I have now lost about 1.5 stone in weight (about 21 pounds, so I now weigh 224 pounds), and more importantly, it has stayed off. I have dropped three dress sizes and while the English winter has prevented me from walking every day, I am still trying to maintain frequent walks. If I can’t get out for a walk, I ensure that I climb the stairs rather than take a lift; walk where possible. I even managed to sit in an airplane seat without an extension belt in January 2010!
The most significant thing that sticks in my mind was that toward the end of summer, I was able to run up a hill with my granddaughter – I was so pleased – I did it, was not out of breath and didn’t huff and puff afterward. What an achievement.
The only other side effect I’ve had is that if I inject Victoza into my legs, I seem to get some sort of mild reaction locally, but I’m not entirely sure if this is related to the drug or the needle. I now inject regularly into my abdomen and have had no reactions there.
Victoza (I called it my Italian drug – as I am half Italian) has made such a difference. I feel that I am more in control of my diabetes; I have the willingness to lose weight and exercise, and in December my overall A1c was down to 6.6%. This was a huge boost to my confidence and gave me great motivation to carry on trying to lose weight and take care of myself. The greatest motivation is knowing that I CAN do something about living a longer and healthier life; I want to see my children grow up and succeed, have children of their own (as well as my oldest daughter’s child). I want to be able to live life to the full, continue my job - while it is hard work, sometimes tiring and stressful, working with young people is incredibly fulfilling.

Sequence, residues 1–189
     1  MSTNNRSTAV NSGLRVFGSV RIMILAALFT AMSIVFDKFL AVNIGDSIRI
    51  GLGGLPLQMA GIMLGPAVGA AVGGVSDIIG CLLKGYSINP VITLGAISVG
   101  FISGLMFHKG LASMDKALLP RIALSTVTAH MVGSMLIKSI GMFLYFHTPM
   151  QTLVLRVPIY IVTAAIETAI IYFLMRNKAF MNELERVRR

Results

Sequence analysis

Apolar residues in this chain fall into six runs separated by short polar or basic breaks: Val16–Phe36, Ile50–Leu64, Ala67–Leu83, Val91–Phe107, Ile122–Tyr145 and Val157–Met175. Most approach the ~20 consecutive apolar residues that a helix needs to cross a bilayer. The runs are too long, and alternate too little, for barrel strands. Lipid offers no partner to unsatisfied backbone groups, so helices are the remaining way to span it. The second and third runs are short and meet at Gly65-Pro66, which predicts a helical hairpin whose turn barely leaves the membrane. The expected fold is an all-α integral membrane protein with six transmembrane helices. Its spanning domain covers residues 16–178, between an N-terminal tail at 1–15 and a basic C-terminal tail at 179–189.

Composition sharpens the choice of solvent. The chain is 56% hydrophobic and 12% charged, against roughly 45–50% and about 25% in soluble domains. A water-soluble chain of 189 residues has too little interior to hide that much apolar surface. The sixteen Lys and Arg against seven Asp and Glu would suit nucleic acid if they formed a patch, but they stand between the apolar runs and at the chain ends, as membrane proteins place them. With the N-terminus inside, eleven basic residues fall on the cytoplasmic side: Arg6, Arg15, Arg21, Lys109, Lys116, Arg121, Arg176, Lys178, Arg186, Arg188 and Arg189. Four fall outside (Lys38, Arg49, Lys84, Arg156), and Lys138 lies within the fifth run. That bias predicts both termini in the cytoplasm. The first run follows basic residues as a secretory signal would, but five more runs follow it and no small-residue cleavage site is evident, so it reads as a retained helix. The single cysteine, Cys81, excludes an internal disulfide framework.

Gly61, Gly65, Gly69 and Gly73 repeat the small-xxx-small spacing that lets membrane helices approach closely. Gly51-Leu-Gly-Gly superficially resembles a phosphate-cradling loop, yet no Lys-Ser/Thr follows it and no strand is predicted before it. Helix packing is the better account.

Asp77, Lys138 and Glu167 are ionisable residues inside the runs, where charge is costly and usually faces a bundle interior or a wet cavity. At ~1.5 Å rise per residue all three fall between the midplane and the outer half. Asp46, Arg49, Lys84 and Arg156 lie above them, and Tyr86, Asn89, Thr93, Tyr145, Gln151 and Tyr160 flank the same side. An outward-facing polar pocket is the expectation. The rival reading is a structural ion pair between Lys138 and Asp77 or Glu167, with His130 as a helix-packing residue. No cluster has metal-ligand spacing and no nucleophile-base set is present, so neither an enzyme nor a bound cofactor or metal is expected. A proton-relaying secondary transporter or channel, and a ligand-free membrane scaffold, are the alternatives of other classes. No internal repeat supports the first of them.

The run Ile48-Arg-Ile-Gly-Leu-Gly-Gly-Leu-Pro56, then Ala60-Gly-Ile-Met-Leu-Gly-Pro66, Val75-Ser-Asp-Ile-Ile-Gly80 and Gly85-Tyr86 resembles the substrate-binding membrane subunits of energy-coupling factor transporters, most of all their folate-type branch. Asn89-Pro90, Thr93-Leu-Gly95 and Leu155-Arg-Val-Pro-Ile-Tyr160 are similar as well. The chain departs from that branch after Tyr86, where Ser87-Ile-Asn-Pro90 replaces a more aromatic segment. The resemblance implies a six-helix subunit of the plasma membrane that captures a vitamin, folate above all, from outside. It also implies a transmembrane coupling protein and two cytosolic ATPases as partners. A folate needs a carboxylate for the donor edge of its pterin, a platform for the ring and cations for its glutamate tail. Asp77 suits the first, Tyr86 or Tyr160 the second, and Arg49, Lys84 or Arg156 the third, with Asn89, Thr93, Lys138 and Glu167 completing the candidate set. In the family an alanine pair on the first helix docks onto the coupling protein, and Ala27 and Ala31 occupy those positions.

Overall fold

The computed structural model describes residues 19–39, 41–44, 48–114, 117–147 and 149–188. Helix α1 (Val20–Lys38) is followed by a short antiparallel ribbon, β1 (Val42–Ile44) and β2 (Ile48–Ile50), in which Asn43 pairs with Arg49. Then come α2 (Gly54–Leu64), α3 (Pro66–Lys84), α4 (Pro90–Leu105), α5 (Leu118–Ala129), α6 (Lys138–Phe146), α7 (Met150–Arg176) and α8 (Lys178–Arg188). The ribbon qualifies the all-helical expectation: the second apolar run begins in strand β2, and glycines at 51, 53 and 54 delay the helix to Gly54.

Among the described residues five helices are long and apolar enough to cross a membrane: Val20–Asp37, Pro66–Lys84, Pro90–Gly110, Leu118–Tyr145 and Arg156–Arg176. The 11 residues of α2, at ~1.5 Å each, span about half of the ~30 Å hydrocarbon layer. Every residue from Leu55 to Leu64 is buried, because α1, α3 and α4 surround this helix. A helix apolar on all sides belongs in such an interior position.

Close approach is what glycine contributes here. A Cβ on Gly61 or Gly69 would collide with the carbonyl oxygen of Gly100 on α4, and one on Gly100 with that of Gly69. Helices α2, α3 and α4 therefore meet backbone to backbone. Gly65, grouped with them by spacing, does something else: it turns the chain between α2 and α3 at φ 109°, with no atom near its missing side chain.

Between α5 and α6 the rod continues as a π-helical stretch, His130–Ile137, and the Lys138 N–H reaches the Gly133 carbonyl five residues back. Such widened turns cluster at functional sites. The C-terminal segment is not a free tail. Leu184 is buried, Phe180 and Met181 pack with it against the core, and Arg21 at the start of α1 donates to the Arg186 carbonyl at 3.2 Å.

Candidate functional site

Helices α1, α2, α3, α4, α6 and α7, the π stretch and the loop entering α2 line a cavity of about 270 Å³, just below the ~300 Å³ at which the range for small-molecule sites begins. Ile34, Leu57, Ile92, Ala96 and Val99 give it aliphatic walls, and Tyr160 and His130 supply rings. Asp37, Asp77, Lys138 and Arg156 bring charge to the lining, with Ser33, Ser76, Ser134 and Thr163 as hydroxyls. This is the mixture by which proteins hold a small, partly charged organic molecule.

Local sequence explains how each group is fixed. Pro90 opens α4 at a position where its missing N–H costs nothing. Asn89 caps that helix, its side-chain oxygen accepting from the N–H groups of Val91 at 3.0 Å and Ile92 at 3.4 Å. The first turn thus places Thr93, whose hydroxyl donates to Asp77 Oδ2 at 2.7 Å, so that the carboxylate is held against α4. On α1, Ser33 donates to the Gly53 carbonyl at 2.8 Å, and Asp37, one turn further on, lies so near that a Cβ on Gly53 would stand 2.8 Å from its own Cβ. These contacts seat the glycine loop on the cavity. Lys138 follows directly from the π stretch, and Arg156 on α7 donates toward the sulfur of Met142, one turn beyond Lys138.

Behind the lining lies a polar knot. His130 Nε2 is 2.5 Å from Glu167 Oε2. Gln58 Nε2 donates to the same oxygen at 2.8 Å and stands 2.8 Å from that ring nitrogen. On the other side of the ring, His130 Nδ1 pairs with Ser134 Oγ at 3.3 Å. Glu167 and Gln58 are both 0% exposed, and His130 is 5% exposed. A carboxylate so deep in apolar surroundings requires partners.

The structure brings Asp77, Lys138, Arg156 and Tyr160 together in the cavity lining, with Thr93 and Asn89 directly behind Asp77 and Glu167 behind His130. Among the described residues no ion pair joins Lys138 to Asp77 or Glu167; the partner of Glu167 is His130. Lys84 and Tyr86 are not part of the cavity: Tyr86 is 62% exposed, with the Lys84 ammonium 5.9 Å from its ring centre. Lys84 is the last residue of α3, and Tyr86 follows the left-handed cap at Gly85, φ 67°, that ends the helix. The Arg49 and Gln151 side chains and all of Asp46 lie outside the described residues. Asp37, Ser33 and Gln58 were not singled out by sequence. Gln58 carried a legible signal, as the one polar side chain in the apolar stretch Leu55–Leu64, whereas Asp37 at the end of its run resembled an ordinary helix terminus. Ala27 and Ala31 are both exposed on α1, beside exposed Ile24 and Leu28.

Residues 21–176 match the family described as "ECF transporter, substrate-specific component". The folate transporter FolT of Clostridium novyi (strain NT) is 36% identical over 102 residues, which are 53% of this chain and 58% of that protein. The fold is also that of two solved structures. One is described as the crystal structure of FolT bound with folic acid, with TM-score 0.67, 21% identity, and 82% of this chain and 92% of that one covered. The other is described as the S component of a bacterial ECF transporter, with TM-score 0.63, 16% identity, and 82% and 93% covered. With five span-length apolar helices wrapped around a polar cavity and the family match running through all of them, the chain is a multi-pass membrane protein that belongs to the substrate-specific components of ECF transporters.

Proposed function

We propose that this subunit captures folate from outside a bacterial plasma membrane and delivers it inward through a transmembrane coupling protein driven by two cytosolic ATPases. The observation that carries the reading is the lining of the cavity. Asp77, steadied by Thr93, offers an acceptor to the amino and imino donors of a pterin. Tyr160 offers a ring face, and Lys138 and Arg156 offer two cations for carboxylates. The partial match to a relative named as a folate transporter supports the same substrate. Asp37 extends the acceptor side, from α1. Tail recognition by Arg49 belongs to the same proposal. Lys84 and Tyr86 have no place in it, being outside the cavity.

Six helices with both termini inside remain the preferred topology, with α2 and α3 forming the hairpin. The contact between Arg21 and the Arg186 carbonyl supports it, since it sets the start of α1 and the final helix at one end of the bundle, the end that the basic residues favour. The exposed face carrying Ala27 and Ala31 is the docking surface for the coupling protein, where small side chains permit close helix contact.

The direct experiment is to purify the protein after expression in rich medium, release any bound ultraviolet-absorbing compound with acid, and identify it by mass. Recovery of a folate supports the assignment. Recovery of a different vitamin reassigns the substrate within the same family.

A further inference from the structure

So many people have said to me I don’t look 52 – I don’t now but I used to (and that was before I was!). I have the energy to look after my four year-old granddaughter all day – my eldest is training to be a midwife – and I truly believe that Victoza has helped make that change in my life.
Injecting is not a problem; it is such a tiny needle. Carrying the Victoza pen around on occasion is problem-free – it looks like a highlighter pen of sorts. My GP, my diabetic nurse, even the pharmacist at my local practice are all aware that I am happy being on the drug – I think they can see how well I’m doing too and are genuinely interested in the effects it is having. My friends and family all say I seem more alive, less tired and happier since I’ve been on it.
If you’re thinking about using Victoza, ask your healthcare doctor or educator about it. As a reminder, the nausea was hard for me, but I did work around that – the shot, that I thought might be challenging, was very easy (being able to inject the pen anytime and anywhere definitely helps). I’ve found it to be a fabulous choice for me – after all, it’s given me back my zing for life!